Today we have another ‘significant’ number, fourteen, so-called because of its use and the beliefs surrounding it.
The number 14 seems to have some regal significance, particularly where these two Royals were concerned:
ascended to the throne on May 14th, 1643 (1+6+4+3=14);
he was saved by Turenne at Blema in 1652 (1+6+5+2=14);
in accordance with an Edict of Charle V, he was declared major at 14 years and governed himself in 1661 (1+6+6+1=14);
he built the Hotel of the Invalids in 1670 (1+6+7+0=14);
he died in 1715 (1+7+1+5=14), at the age of 77 years old (7+7=14);
having reigned 72 years (7×2=14).
England’s King Henry IV
was born 14 centuries, 14 decades and 14 years after the Christian era;
he came into the world on December 14th ;
he died on May 14th :
he lived 4 x 14 years, 14 weeks and 14 days.
The atomic number for Silicon is 14.
The approximate atomic weight of nitrogen 14.
There are fourteen ascending and downward days of the moon.
The fourteenth year is, for the man, the year of the puberty.
The fingers of each of the two hands are composed of fourteen phalanxes.
February 14th is Saint Valentine’s Day, a fact most men are not allowed to forget.
In the Bible
There are fourteen generations from Abraham to David;
The fourteen epistles written by saint Paul, having on the whole 100 chapters and adding up 2335 verses;
With the return of Exile, after the rebuilding of the Temple, the Israelis celebrated the Passover the fourteenth day of the first month; (Ezr 6,19)
Jacob worked fourteen years for his uncle Laban in order to be able to marry his daughter Rachel, they had fourteen sons and grandsons; (Gn 29,15-30 and 46,22)
The sufferings of the Christ would have begun fourteen days before Passover to finish with his passion;
Every year, the celebration of the Easter is never done in the same date. At the fourth century after Jesus Christ, it was established that this major feast of the liturgical calendar would be celebrated the first Sunday following the 14th night of lunation of March;
In the Book of Enoch (not included in the Bible) it talks about the fourteen preferential trees which remain always green for all season of the year.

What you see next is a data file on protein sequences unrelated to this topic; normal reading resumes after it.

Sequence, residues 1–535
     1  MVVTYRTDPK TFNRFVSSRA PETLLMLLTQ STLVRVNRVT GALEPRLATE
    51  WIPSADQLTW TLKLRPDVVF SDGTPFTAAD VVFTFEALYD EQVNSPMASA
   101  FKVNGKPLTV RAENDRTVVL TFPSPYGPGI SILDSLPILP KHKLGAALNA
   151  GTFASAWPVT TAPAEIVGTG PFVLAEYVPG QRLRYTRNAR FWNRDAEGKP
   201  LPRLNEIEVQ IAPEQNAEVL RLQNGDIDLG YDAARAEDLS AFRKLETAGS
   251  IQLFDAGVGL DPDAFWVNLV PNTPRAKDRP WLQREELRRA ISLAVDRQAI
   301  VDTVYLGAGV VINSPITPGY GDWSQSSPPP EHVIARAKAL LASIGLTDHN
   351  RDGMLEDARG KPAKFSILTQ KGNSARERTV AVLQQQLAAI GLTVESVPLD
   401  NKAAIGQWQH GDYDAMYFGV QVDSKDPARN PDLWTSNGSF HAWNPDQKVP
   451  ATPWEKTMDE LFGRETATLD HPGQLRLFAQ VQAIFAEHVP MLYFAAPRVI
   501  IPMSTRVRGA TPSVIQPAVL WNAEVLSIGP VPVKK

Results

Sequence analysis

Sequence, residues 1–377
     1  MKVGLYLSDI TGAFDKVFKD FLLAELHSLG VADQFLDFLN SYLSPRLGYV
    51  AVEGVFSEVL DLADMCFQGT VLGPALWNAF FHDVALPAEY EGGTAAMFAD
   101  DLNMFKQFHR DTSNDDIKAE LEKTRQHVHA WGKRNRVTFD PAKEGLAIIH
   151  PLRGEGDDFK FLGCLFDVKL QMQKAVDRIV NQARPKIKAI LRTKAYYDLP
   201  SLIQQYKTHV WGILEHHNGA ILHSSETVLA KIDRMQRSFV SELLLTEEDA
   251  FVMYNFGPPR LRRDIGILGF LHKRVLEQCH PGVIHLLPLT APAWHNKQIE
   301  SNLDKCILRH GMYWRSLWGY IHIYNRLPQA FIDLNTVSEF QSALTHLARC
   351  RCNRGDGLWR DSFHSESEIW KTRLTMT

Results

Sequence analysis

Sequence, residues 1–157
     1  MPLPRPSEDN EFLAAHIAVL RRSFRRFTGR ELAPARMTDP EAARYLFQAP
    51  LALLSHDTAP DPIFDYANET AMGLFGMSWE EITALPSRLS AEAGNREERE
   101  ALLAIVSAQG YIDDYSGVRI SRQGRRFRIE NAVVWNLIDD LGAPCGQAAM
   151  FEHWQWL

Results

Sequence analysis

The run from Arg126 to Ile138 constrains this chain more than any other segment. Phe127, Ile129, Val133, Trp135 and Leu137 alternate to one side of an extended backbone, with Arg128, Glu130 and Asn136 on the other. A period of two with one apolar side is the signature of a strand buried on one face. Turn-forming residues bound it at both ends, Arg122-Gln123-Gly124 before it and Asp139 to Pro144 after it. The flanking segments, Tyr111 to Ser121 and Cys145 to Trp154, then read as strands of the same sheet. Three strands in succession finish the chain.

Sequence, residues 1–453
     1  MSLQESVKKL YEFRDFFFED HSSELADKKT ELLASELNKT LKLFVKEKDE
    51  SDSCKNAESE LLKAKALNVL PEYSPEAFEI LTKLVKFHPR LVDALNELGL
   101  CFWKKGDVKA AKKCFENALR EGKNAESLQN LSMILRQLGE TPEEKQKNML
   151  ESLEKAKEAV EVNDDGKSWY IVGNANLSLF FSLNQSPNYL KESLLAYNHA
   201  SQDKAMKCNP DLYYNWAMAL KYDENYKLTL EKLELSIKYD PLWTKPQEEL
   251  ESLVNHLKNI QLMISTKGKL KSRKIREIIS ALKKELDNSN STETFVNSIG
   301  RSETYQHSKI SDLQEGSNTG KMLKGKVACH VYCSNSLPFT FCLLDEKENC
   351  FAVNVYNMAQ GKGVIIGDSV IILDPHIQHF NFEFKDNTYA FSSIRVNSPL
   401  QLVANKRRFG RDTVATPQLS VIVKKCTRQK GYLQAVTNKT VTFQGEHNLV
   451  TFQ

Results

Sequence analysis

According to the Egyptian legend, the body of Osiris was cut into 14 pieces, 13 of which were found by Isis, the 14th, the penis, having been devoured by the fishes.
In Egypt, the Amenti, area westward of the Nile, where go the souls of deaths, was divided in 14 parts.
Among Greeks, the fourteen days “alcyonians” were the 7 days preceding and the 7 days following the solstice of winter. During this period, the sea was supposed calm so as to allow the “alcyons” to build their nest and to brood. The alcyons came from the Metamorphosis of Ceyx, son of the Star of the morning, Eosphéros (in Latin Lucifer) and his wife Alcyon, girl of Eole.
Fourteen also is:
The number of days in a fortnight;
In traditional British units of weight, the number of pounds in a stone;
A number supposedly ‘encoded’ in much of the music of Johann Sebastian Bach. Bach may have considered this number a sort of signature, since given A = 1, B = 2, C = 3, etc., then B + A + C + H = 14;
A common designation for the thirteenth floor in many buildings for superstitious reasons;
The number of lines in a sonnet;
The Number 14 airship by Alberto Santos Dumont that was used to test the aerodynamics of his 14-bis airplane;
The number of the French department Calvados;
A Storage server manufactured by IBM. It goes by name of “XIV” and is pronounced as the separate letters “X”, “I”, “V”;
The Piano Sonata No. 14, also known as Moonlight Sonata, is one of the most famous piano sonatas composed by Ludwig van Beethoven;
Age 14 is the earliest that the emancipation of minors can occur in the U.S.
Minimum age at which one can work in many U.S states. Some require parental consent while others don’t;
Minimum age at which one can work in most Australian states with parent’s consent;
Minimum age at which one can drive a vehicle in the U.S. with a driver’s license (with supervision of an adult over 18 years of age, and with a valid, unmarked driver’s license, and at least 365 days of experience driving an actual automobile);
The minimum age limit to drive a 50cc motorbike in Italy.
The fourteenth President of the United States was Franklin Pierce (1804–1869) of the Democratic Party, who served from March 4th, 1853 to March 4th, 1857. His VP was William R. King (March 4th, 1853 to April 18th, 1853, when he died of tuberculosis only 45 days into office, the position being vacant from April 18th, 1853 to March 4th, 1857.)
Then There Was The Fourteen Points